Henry George and the Crisis of Inequality

Henry George and the Crisis of Inequality

Progress and Poverty in the Gilded Age

Book - 2015
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America's remarkable explosion of industrial output and national wealth at the end of the nineteenth century was matched by a troubling rise in poverty and worker unrest. As politicians and intellectuals fought over the causes of this crisis, Henry George (1839-1897) published a radical critique of laissez-faire capitalism and its threat to the nation's republican traditions. Progress and Poverty (1879), which became a surprise best-seller, offered a provocative solution for preserving these traditions while preventing the amassing of wealth in the hands of the few: a single tax on land values. George's writings and years of social activism almost won him the mayor's seat in New York City in 1886. Though he lost the election, his ideas proved instrumental to shaping a popular progressivism that remains essential to tackling inequality today.

Edward T. O'Donnell's exploration of George's life and times merges labor, ethnic, intellectual, and political history to illuminate the early militant labor movement in New York during the Gilded Age. He locates in George's rise to prominence the beginning of a larger effort by American workers to regain control of the workplace and obtain economic security and opportunity. The Gilded Age was the first but by no means the last era in which Americans confronted the mixed outcomes of modern capitalism. George's accessible, forward-thinking ideas on democracy, equality, and freedom have tremendous value for contemporary debates over the future of unions, corporate power, Wall Street recklessness, government regulation, and political polarization.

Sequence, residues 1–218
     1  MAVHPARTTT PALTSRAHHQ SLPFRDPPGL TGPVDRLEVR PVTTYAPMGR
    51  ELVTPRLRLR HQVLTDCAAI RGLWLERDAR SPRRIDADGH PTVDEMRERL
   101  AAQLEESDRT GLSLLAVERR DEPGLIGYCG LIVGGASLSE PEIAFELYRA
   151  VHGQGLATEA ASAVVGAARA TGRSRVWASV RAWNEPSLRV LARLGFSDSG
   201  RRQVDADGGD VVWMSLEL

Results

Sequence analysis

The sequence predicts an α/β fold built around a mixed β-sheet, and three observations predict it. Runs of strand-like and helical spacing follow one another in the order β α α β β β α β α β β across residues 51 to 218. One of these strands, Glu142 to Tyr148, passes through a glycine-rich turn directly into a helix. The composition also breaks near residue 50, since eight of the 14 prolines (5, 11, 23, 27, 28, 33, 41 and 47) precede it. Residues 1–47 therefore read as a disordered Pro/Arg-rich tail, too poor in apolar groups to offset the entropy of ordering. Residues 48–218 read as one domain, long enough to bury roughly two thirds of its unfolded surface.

Published: New York :, Columbia University Press,, [2015]
ISBN: 9780231120005
Branch Call Number: 330.092 ODO
Characteristics: xxvi, 348 pages :,illustrations ;,24 cm.


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Apr 07, 2015

Points to ponder: The amount of US household assets wiped out during 2007 -- 2009 from the economic meltdown was officially, $17 trillion /// the amount of the bailouts, both TARP plus the Federal Reserve bailouts, was $17 trillion /// the national debt is $17 trillion.
An experiment: regardless whether you live in Christ Church, Auckland, or Vancouver or Cleveland, try to find out the major land owners of the city you live in, and especially who owns the most land? Unless some enterprising soul has already researched this, it won't be easy, in fact, probably a monumental task, and for a very good reason!

We, the workers of mankind . . . so begins Henry George's first essay, a progressive reformer almost unimaginatively popular in his day, who trumped Teddy Roosevelt in the run-up for mayor of NYC, but lost to the Democratic machine candidate. Land monopoly was the problem, George believed, but he also believed in capitalism and were he alive today, he might just agree with me that monopolies and capitalism always go hand in hand. [E.g., in Seattle there is a glut of new apartments and condos on the market, yet rents continue to rise. In 2008, at the peak of the global economic meltdown, rents continued to rise. While wages have in actuality gone down, not just stagnated, there's been a 33% increase in rent, averaged out, since 2000.]


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